during the passage through their jurisdiction, with duties which would
fall on the makers of the latter and the consumers of the former. We may
be assured by past experience, that such a practice would be introduced
by future contrivances; and both by that and a common knowledge of human
affairs, that it would nourish unceasing animosities, and not improbably
terminate in serious interruptions of the public tranquillity. To those
who do not view the question through the medium of passion or of
interest, the desire of the commercial States to collect, in any form,
an indirect revenue from their uncommercial neighbors, must appear not
less impolitic than it is unfair; since it would stimulate the injured
party, by resentment as well as interest, to resort to less convenient
channels for their foreign trade. But the mild voice of reason, pleading
the cause of an enlarged and permanent interest, is but too often
drowned, before public bodies as well as individuals, by the clamors of
an impatient avidity for immediate and immoderate gain.

The necessity of a superintending authority over the reciprocal trade of
confederated States, has been illustrated by other examples as well as
our own. In Switzerland, where the Union is so very slight, each canton
is obliged to allow to merchandises a passage through its jurisdiction
into other cantons, without an augmentation of the tolls. In Germany it
is a law of the empire, that the princes and states shall not lay tolls
or customs on bridges, rivers, or passages, without the consent of the
emperor and the diet; though it appears from a quotation in an
antecedent paper, that the practice in this, as in many other instances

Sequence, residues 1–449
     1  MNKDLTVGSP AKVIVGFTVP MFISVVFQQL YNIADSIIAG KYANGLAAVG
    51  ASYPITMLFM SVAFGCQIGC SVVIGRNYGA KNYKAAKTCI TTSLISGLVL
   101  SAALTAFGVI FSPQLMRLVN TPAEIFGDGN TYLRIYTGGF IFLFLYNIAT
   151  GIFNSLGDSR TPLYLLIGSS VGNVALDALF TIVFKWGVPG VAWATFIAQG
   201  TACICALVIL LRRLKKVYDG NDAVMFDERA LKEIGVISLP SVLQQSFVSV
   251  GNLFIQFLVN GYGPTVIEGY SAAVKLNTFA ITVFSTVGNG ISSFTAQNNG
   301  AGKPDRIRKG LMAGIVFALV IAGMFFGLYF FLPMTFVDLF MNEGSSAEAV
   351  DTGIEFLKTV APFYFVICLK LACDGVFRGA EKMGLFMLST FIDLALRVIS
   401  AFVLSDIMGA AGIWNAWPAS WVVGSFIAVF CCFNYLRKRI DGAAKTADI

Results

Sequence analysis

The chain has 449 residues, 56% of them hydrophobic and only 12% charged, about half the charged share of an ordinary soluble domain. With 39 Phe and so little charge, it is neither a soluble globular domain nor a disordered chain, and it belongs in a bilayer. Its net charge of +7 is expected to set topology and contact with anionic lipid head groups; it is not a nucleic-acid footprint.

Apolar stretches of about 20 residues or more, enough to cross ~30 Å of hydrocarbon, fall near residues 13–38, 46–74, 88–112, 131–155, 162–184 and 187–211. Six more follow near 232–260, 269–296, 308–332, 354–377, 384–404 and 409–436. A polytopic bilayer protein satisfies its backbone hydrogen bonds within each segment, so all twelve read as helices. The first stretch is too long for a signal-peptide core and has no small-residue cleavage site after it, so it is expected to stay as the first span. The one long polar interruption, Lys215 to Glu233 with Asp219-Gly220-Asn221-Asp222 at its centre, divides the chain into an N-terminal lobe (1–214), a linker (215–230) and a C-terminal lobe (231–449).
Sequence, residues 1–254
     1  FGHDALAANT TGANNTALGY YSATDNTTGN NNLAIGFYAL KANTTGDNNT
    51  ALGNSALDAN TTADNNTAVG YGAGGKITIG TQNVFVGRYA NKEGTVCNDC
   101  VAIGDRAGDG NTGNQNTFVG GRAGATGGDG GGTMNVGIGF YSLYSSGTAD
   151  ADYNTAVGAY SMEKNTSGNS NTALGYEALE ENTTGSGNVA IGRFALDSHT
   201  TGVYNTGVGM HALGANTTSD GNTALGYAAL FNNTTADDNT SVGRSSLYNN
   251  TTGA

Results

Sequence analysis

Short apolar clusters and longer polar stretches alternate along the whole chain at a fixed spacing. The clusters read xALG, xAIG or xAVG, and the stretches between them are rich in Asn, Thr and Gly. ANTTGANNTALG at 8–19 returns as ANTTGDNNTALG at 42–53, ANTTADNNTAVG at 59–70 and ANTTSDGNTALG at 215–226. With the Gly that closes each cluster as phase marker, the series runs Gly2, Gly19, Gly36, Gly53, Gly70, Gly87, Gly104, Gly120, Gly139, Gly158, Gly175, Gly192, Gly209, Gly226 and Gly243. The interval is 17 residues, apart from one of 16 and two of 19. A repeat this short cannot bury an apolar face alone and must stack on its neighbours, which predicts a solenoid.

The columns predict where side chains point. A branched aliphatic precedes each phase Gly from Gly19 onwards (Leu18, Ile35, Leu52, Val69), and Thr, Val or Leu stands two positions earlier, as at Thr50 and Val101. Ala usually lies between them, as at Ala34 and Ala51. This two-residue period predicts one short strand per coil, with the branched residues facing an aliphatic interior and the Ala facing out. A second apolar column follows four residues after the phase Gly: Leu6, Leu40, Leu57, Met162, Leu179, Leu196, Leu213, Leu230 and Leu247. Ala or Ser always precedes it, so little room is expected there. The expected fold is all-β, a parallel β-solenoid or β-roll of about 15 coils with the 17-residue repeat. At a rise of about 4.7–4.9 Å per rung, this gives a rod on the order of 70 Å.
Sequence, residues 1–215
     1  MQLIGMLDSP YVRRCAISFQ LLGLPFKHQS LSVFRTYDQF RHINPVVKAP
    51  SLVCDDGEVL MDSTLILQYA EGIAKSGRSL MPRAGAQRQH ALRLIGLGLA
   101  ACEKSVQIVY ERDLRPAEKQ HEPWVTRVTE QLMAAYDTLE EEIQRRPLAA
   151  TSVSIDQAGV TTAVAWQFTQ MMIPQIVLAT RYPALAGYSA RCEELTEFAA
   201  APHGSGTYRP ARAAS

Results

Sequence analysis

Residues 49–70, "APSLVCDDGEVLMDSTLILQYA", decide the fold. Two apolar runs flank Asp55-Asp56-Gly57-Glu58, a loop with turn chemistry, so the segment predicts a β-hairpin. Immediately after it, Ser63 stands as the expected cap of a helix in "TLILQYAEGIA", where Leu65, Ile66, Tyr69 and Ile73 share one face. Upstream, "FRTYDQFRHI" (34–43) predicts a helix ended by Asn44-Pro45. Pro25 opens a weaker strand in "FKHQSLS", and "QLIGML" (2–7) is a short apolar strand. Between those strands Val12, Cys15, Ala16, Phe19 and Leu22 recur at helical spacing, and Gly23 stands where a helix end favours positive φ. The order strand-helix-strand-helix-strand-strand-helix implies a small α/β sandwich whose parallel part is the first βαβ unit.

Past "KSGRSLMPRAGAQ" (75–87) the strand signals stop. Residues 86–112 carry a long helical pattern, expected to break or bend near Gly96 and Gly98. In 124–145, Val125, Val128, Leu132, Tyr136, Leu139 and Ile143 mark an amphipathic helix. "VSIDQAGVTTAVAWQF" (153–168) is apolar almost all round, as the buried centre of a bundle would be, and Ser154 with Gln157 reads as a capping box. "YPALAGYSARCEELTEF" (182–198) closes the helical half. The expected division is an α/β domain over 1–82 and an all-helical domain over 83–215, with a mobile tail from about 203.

in that confederacy, has not followed the law, and has produced there
the mischiefs which have been foreseen here. Among the restraints
imposed by the Union of the Netherlands on its members, one is, that
they shall not establish imposts disadvantageous to their neighbors,
without the general permission.

The regulation of commerce with the Indian tribes is very properly
unfettered from two limitations in the articles of Confederation, which
render the provision obscure and contradictory. The power is there
restrained to Indians, not members of any of the States, and is not to
violate or infringe the legislative right of any State within its own
limits. What description of Indians are to be deemed members of a State,
is not yet settled, and has been a question of frequent perplexity and
contention in the federal councils. And how the trade with Indians,
though not members of a State, yet residing within its legislative
jurisdiction, can be regulated by an external authority, without so far
intruding on the internal rights of legislation, is absolutely
incomprehensible. This is not the only case in which the articles of
Confederation have inconsiderately endeavored to accomplish
impossibilities; to reconcile a partial sovereignty in the Union, with
complete sovereignty in the States; to subvert a mathematical axiom, by
taking away a part, and letting the whole remain.

All that need be remarked on the power to coin money, regulate the value
thereof, and of foreign coin, is, that by providing for this last case,
the Constitution has supplied a material omission in the articles of
Confederation. The authority of the existing Congress is restrained to
the regulation of coin STRUCK by their own authority, or that of the
respective States. It must be seen at once that the proposed uniformity
in the VALUE of the current coin might be destroyed by subjecting that
of foreign coin to the different regulations of the different States.

The punishment of counterfeiting the public securities, as well as the
current coin, is submitted of course to that authority which is to
secure the value of both.

The regulation of weights and measures is transferred from the articles
of Confederation, and is founded on like considerations with the
preceding power of regulating coin.

The dissimilarity in the rules of naturalization has long been remarked
as a fault in our system, and as laying a foundation for intricate and
delicate questions. In the fourth article of the Confederation, it is
declared "that the FREE INHABITANTS of each of these States, paupers,